Q. I'd like you to talk on your young guns experience with the Fast Cars and Superstars, which everybody gets to see the finale this past weekend. But what it was like to have the experience of teaching some of these folks how to drive? And at the same time, it looked like it was all filmed in the same night, seeing somebody like John Elway come out on top.
KURT BUSCH: You know, it was an incredible experience, to be teamed up and to meet that many athletes and superstars, to use the name of the show in this. But those guys were so far out of their element, and to see the smile on their face and their eagerness, it reminded me of my first day at the world of NASCAR.
Yet, it also intrigued me to learn more about their worlds, and to talk with John Elway about football and what it was like for him to learn. And going through some of the steps that we want to take in NASCAR, I was trying to compare those to him in football.
To have Serena Williams, a girl that is notorious for her fast serves and competition, serving at 130 miles an hour, and she wasn't even driving over 130 miles an hour to start with. So I told her, you got to pick up the pace a little bit, just like your serves. A guy like Ty Murray, rodeo guy, bull riding champion, it almost intrigued me to jump on some bulls. So we'll see what happens in the future.
But it was great to take John Elway to victory in Fast Cars and Superstars. As successful as the show was with Gillette, they're talking about doing another series next year.

Q. Earlier you talked about the role that this race could have in a later race and gathering information and that sort of thing. But for you, specifically, this year, what does this race mean to you? Is this a point where you can jump off from and make a run at it here?
KURT BUSCH: Yeah, we definitely want this race to be a point to where we start getting some solid finishes. And this is the second opportunity for Pat Tryson, but yet it's just another week for him to feel more comfortable. So we feel good about everything that's leading into this weekend, with our Dodge Avenger. And, of course, racing up in the New England area for Miller Lite, we need to do the job in qualifying and out on the track. Hopefully, Sunday will be a good day for us.

Q. How do you look at the distance between yourself and the Chase right now? Do you look at it week by week or try to take a big chunk off here right away? Or how do you look at that?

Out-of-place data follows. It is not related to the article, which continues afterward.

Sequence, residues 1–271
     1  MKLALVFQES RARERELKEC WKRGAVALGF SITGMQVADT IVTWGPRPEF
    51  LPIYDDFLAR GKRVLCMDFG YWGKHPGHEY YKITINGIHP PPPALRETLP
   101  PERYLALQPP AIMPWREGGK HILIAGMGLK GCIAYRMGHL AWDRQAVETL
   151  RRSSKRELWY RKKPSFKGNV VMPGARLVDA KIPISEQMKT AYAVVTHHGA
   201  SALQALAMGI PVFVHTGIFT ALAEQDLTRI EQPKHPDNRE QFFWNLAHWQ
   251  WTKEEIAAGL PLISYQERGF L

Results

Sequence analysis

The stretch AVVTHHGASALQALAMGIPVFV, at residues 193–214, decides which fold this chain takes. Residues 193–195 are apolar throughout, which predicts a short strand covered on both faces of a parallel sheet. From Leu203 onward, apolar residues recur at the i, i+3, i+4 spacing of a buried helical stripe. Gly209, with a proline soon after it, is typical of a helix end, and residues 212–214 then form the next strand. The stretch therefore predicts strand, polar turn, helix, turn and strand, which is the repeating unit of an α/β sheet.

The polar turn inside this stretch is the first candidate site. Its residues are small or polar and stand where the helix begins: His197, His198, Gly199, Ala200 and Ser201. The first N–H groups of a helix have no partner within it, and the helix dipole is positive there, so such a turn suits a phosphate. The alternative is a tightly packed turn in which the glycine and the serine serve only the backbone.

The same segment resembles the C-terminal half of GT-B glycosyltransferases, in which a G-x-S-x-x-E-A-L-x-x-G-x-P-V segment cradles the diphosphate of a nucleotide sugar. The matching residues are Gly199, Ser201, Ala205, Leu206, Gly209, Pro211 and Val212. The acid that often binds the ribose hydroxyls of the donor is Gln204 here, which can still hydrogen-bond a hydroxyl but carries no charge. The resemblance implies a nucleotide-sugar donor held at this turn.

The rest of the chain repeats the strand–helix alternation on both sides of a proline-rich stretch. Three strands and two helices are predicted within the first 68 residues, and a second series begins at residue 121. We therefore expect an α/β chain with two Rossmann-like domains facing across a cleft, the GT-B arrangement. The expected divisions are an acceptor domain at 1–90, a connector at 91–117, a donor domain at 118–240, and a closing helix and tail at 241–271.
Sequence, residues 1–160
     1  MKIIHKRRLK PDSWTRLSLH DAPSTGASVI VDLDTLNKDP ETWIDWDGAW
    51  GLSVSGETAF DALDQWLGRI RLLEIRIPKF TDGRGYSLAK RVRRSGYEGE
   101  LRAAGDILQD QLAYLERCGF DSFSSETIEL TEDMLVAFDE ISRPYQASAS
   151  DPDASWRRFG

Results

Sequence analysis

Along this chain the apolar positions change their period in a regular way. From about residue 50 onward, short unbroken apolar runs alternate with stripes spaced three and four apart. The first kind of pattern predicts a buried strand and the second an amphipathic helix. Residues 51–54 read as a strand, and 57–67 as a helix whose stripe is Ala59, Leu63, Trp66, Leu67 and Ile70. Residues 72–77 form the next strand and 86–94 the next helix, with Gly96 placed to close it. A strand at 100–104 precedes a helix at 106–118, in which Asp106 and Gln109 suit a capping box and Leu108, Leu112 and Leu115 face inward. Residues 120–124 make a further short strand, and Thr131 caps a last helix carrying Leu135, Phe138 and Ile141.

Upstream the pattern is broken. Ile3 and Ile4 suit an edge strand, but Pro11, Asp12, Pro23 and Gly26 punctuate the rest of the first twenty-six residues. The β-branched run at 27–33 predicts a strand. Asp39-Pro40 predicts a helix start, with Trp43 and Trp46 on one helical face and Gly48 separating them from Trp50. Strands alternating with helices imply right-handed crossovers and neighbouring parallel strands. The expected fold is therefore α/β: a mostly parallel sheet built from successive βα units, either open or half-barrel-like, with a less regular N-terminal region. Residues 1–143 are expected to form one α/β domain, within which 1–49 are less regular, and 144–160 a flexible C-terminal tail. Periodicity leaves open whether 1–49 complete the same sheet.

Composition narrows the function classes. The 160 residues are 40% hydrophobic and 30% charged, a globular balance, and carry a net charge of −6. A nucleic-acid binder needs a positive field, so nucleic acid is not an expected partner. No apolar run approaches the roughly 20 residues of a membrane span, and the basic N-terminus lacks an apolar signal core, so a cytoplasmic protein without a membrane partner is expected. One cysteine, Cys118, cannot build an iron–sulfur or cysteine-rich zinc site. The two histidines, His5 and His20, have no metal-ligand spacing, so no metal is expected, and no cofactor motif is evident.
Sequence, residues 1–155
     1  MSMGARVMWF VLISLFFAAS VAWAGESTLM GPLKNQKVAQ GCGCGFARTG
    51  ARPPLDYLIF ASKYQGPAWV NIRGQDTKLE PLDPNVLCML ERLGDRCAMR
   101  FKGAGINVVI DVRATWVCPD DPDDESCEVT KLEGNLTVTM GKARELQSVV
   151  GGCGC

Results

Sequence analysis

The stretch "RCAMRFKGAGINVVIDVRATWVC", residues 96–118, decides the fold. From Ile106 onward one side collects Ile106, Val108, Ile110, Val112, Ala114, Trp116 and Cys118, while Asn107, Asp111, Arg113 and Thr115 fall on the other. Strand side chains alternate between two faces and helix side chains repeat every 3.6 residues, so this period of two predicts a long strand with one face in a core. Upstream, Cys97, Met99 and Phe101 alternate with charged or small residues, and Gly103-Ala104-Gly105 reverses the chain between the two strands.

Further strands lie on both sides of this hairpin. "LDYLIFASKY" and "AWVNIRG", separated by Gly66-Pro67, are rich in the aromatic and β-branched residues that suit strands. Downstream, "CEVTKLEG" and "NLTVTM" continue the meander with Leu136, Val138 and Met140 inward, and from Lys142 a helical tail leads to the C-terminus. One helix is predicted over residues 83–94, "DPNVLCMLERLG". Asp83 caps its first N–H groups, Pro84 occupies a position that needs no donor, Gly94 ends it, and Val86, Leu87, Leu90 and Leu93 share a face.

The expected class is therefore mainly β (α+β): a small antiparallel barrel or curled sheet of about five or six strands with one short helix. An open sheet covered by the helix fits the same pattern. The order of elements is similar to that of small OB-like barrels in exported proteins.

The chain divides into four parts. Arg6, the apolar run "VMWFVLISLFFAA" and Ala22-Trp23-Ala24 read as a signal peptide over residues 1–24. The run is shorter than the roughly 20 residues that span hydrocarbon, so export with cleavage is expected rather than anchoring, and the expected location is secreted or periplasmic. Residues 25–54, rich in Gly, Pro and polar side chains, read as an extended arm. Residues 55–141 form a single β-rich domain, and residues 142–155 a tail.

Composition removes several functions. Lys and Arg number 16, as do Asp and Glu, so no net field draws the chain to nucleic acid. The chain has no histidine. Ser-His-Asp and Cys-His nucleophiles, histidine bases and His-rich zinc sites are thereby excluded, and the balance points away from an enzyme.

KURT BUSCH: Right now, we just need to continue to chip away and let each race unfold as it will. Not take any risks as far as putting ourselves out there and having a chance to run out of fuel or taking two tires instead of when we should have took four. So just put it on a nice pace, and fast cars will always ultimately take you to the front.

Q. Couple of weeks ago you were talking about being under the microscope. A couple weeks ago, big headline on the "New York Post" with the paparazzi‑type picture of Alex Rodriguez. If someone, a celebrity and professional athlete in the spotlight, what is your take on that?
KURT BUSCH: Well, it's just gone mainstream. A guy like myself or somebody else that does something outside of their normal racetrack or baseball park is, I guess, good, clean news. It's interesting, it's entertaining. People, the general public, gets a thrill out of the humiliation that they see from sports athletes or actors, actresses. And so, it's just part of the regular world.
It's not just racing cars and going fast around the racetrack, there's big dollars at stake, there's sponsorship investments that are out there. And, of course, there is the image that the players and the drivers, in this case, have. So it's tough some days that you're looked upon that way, but, yet, it's fun other days being able to represent such a great group of people that are behind me, such as Penske Racing and Miller Lite. Of course, Dodge, the auto manufacturer we race for, we want to influence people to buy Dodges, so we want to do good things when we're out there.

Q. Racers and the media have always had a hand‑in‑hand relationship. We need you, you kind of need us in a lot of ways to do this promotional‑type things. The stories like that, and you know, some people are saying the media's crossing the line. Do you think that could affect that relationship in our community, so to speak?
KURT BUSCH: Well, it's difficult to say where the boundary line is. I've been involved in a case out in Phoenix that could have gone many different ways. Was the final outcome positive? I suppose so, with being an honorary deputy out in the state of Arizona, that was quite interesting. But yet, you see guys like Tank Johnson in trouble today or this week, and what happened with him. Who knows what the truth will ever be.
And then we saw just a case recently with the Duke Lacrosse players, that it's upsetting to me in the sports world. These kids are just in college. Somebody gets a little overzealous, and ends up losing their job in the final verdict. But those kids' lives have changed forever, and it's going to be tough for them to be able to blend in, so to speak.